PRETORIA (Reuters) - The prosecutor in the Oscar Pistorius murder trial on Monday accused the track star of using emotional breakdowns under cross-examination to evade answering questions about the night he killed his girlfriend.
The Olympic and Paralympic sprinter, who faces life in prison if convicted of murdering Reeva Steenkamp, says he shot the 29-year-old model in a tragic accident, firing at what he thought was an intruder hiding behind a locked toilet door.
The athlete has broken down numerous times during the 22-day trial, including retching into a bucket. He burst into tears again on Monday morning when recounting the moment he screamed at what he thought was a burglar, prompting the judge to call a 30-minute adjournment.
"Get the f*** out of my house! Get the f*** out of my house!" a trembling Pistorius said when asked to state precisely what he screamed at the perceived intruder.
He then burst into tears as family members in the public gallery rushed to comfort him.
Towards the end of the day, he again began to cry when answering questions about the immediate aftermath of the shooting.
State prosecutor Gerrie Nel, whose reputation as one of South Africa's toughest attorneys has earned him the nickname 'The Pitbull', said the athlete was just putting on an act to avoid having to answer his questions.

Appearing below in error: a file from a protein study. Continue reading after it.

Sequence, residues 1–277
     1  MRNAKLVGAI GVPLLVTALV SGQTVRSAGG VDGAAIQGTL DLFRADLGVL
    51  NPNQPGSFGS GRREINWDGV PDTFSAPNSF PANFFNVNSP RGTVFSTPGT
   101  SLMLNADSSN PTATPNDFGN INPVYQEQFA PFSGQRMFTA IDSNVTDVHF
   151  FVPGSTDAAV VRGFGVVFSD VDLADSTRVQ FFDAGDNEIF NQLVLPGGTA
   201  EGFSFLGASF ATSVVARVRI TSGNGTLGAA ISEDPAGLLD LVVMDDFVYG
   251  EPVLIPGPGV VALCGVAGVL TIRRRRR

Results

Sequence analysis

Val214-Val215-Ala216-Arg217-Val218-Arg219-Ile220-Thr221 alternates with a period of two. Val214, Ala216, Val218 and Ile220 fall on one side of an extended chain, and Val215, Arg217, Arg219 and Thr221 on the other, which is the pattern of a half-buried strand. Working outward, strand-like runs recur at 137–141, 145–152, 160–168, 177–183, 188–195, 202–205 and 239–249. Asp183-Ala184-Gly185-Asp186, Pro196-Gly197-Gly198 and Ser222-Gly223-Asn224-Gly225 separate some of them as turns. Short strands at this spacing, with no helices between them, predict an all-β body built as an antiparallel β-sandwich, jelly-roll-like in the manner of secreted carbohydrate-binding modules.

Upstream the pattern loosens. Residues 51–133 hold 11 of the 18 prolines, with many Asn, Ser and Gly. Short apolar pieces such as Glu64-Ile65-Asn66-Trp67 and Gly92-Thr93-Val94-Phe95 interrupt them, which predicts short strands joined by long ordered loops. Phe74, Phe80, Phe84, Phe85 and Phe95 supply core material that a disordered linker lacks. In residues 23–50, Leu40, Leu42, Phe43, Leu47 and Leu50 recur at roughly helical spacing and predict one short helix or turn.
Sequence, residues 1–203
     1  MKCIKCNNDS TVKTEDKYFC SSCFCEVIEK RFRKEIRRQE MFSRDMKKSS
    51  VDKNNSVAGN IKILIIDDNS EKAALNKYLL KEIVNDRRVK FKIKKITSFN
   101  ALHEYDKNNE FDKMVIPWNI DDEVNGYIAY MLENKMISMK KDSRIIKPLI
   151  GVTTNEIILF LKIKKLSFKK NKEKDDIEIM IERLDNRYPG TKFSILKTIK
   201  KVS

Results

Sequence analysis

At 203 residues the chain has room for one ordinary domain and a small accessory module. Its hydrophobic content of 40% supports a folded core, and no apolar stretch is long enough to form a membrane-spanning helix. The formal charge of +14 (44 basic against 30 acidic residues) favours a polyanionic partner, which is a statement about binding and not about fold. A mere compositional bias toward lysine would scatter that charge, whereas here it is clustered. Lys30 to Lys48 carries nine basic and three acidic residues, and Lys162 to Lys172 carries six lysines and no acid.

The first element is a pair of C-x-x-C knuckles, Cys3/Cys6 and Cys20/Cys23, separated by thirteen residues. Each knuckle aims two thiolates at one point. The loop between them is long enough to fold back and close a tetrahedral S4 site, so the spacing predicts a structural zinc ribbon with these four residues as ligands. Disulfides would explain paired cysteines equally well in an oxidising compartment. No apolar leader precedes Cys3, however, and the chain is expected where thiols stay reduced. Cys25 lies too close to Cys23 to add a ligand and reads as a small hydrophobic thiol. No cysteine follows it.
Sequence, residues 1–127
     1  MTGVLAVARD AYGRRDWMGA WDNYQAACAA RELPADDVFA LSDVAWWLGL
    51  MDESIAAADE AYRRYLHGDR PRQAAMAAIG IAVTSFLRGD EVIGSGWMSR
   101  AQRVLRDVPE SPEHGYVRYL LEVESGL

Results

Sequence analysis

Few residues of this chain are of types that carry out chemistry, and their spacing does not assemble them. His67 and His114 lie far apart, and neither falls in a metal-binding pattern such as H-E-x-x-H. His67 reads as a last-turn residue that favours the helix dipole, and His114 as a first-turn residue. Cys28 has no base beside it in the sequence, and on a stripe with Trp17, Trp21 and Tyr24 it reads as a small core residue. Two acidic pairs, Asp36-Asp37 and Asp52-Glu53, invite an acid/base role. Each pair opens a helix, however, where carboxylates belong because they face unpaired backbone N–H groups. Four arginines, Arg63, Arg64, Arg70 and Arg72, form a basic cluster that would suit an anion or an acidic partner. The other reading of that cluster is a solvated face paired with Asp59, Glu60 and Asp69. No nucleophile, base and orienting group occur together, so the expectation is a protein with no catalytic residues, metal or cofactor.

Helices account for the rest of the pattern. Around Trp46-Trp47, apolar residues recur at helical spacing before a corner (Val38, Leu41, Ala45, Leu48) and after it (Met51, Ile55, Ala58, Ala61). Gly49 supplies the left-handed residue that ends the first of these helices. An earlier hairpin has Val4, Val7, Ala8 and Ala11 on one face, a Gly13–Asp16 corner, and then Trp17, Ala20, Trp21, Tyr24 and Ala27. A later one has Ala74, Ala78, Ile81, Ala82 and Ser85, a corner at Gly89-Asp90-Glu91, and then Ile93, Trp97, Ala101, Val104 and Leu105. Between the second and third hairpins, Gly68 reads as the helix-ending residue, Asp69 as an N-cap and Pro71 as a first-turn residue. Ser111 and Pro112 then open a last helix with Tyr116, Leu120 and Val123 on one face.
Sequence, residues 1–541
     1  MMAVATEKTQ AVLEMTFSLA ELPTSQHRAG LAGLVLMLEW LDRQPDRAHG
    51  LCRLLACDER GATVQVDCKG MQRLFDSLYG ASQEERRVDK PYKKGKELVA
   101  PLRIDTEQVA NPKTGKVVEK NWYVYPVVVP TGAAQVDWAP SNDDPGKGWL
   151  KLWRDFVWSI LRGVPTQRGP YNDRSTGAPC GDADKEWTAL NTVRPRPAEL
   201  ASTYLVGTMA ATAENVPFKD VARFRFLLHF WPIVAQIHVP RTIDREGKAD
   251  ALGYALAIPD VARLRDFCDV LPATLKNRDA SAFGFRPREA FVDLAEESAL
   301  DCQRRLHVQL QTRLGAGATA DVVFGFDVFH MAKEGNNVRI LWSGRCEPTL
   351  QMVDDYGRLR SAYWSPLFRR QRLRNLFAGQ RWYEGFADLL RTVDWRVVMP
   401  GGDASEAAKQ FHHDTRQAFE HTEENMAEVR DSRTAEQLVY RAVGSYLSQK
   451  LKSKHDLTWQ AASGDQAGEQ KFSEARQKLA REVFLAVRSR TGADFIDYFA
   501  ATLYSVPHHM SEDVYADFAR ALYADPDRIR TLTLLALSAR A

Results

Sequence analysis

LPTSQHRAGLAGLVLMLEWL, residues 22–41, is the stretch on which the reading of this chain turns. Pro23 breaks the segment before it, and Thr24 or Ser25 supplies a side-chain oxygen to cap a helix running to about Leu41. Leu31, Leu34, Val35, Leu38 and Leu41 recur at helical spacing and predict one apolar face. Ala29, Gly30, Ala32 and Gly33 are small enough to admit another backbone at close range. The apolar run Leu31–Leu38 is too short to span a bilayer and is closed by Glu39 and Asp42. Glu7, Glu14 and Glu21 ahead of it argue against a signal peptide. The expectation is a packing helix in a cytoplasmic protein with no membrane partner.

Nel questioned why Pistorius would get upset when being asked about whether he did or did not open doors leading from his bedroom to a balcony to shout for help minutes after the shooting.
"I cannot see how that can cause you to be emotional because you cannot remember how to open a door. We're not talking about Reeva," Nel said, referring to previous breakdowns, which have usually been when he describes the shooting.
"You're not using your emotional state as an escape are you?" Nel said, raising his eyebrows and shaking his head.
The murder trial has captivated South Africa and millions of athletics fans around the world who viewed Pistorius, known as the 'Blade Runner' because of the carbon-fibre prosthetics he uses on the track, as a symbol of triumph over adversity.
His disabled lower legs were amputated as a baby but he went on to achieve global fame, winning Paralympic gold medals and reaching the semi-finals of the 400 metres in the 2012 London Olympics against able-bodied athletes.
(Refiles to correct spelling of "emotional" in lead para)
(Writing by Joe Brock; Editing by Angus MacSwan)